The ‘lockdown’ rules present a risk of social isolation for many of us and as many of us will indeed struggle with isolation. For those people who require support and services, it would seem, the impact could be far worse.  However, councils are going further, by recognising the impact of social isolation to those people who are not receiving services, the people who are ‘managing’ with the support of family, friends, other informal networks or have very small packages of support.  What happens to their ability to cope when socialising is removed from their daily life? It has long been recognised that social isolation and loneliness is associated with a range of mental and physical health impacts: strokes, heart disease, weakened immune system, increased risk of falls, Alzheimer’s disease, depression, anxiety and suicide.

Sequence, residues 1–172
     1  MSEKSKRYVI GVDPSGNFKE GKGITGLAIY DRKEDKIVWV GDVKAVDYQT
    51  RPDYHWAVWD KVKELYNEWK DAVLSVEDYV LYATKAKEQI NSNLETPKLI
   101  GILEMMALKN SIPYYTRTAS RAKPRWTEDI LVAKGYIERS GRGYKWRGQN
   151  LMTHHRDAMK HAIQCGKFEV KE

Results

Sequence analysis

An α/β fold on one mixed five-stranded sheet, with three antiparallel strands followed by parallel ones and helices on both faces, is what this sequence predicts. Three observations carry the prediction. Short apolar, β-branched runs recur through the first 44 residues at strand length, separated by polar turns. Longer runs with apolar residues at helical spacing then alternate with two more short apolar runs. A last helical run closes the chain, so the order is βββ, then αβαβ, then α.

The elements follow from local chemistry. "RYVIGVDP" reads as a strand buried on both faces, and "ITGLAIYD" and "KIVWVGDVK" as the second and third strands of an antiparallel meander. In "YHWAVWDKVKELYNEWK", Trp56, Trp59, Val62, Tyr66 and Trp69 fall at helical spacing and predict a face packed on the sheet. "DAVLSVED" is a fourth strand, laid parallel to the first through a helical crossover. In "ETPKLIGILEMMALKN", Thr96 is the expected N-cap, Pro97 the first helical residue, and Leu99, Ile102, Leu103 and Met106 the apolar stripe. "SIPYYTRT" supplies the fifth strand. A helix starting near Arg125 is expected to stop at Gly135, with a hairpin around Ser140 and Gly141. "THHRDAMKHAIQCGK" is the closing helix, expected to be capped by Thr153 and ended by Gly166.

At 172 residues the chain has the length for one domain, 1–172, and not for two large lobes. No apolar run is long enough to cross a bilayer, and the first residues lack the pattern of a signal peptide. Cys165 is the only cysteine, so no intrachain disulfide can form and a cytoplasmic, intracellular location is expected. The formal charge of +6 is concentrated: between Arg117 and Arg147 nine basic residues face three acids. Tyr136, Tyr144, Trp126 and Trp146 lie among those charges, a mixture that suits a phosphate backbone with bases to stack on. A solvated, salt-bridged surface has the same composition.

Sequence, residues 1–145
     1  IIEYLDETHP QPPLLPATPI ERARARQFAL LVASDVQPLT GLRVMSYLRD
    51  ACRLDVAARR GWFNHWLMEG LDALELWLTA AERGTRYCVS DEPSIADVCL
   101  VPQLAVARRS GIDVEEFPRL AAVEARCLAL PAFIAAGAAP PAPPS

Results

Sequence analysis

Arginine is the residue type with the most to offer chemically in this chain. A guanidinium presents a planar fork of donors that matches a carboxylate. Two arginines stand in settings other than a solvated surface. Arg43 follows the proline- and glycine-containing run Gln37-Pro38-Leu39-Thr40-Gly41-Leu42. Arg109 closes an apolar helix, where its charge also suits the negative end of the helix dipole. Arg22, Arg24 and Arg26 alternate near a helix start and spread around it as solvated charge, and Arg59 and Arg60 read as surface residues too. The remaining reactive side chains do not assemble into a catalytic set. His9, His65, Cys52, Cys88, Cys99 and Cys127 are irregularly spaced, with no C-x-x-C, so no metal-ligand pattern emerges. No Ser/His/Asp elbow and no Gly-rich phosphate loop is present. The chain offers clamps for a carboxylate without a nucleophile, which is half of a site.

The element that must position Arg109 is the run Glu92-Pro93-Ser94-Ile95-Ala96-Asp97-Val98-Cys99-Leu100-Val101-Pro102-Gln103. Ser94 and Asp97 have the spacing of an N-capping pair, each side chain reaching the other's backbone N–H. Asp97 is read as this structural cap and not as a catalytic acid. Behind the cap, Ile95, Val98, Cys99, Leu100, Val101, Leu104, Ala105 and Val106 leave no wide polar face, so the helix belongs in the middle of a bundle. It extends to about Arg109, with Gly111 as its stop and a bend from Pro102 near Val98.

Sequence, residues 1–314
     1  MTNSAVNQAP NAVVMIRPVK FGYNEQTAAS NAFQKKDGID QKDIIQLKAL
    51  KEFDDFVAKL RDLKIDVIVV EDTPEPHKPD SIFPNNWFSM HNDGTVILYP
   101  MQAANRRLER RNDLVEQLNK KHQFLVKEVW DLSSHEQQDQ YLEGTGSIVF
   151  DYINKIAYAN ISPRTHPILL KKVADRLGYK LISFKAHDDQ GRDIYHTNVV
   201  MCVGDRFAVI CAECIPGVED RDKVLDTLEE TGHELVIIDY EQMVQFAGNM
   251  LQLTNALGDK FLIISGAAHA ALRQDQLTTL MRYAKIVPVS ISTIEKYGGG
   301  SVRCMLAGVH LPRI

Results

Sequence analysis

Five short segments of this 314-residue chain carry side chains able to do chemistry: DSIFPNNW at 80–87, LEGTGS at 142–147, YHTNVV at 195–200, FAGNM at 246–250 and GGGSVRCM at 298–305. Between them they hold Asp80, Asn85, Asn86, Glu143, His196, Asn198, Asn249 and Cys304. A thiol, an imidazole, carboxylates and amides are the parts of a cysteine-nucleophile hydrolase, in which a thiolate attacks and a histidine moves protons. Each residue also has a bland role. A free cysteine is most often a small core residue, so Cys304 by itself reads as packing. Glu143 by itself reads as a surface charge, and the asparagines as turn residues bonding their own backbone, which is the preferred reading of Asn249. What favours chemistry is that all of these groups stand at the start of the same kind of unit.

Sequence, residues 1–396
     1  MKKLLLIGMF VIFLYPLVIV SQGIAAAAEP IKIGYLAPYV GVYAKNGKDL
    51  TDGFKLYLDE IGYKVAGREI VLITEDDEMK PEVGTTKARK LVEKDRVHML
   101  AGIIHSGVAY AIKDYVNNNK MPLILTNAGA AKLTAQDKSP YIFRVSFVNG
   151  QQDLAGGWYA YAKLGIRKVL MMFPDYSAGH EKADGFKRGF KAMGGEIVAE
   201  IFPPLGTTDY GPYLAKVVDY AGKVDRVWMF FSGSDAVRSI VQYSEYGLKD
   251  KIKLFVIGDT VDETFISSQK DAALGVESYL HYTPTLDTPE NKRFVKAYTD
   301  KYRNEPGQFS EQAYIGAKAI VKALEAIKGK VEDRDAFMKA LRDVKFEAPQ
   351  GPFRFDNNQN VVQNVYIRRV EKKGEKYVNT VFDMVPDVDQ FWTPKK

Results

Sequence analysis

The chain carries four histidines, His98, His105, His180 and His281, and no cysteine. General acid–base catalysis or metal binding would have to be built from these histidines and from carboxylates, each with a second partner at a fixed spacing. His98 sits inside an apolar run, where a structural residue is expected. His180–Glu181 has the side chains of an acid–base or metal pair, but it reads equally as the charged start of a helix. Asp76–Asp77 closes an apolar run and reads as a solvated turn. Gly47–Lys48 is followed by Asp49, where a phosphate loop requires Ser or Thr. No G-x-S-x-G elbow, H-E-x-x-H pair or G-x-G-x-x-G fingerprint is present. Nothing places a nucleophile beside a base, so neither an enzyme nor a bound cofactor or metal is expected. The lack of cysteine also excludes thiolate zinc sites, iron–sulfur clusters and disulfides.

Now we meet April.  April is 78 years old and has been asked to self-isolate.  April would normally go to her local shops daily to buy food and get exercise. April is known in her local community and enjoys speaking to people, many of whom she has known for years.  April has reduced mobility due to osteoarthritis and has a history of falls. She has OT equipment in place to support her around the home such as a perching stool and grab rails.  April uses a walker to access the community. She likes to be as independent as possible and has a stand up wash every day and a minimal package of support for a bath and hair wash once a week.  Family help with cleaning and laundry and April goes to her daughters for a roast dinner every Sunday and to her son’s for dinner every Wednesday.  April visits her local library every Tuesday for a book club and attends a weekly coffee morning at her local church. April’s daughter takes her to church every Sunday.  Since self-isolating, April has lost her routine, her social interactions and has become depressed.  Since losing her opportunity for daily exercise, April is experiencing an increase in joint pain.  April’s community and family have rallied round, and food is delivered. Her family have provided an i-pad so she can video-call family members and see her grandchildren which April says has helped.  However, April’s carer has expressed concerns to the family and council around her mental wellbeing and some signs of self-neglect within the home. The carer describes some decline in April’s mobility, that she seems unsteady on her feet and the carer is worried that April is at an increased risk of falls.  The carer is not sure if April is eating or managing medication and she seems muddled.  The family stated they would be happy to support with personal care and would explore assist technology to support with medication however, they are unable to action this now due to self-isolation.  The council record the risks and agree to implement a daily visit to support April with her personal care and to prompt with medication.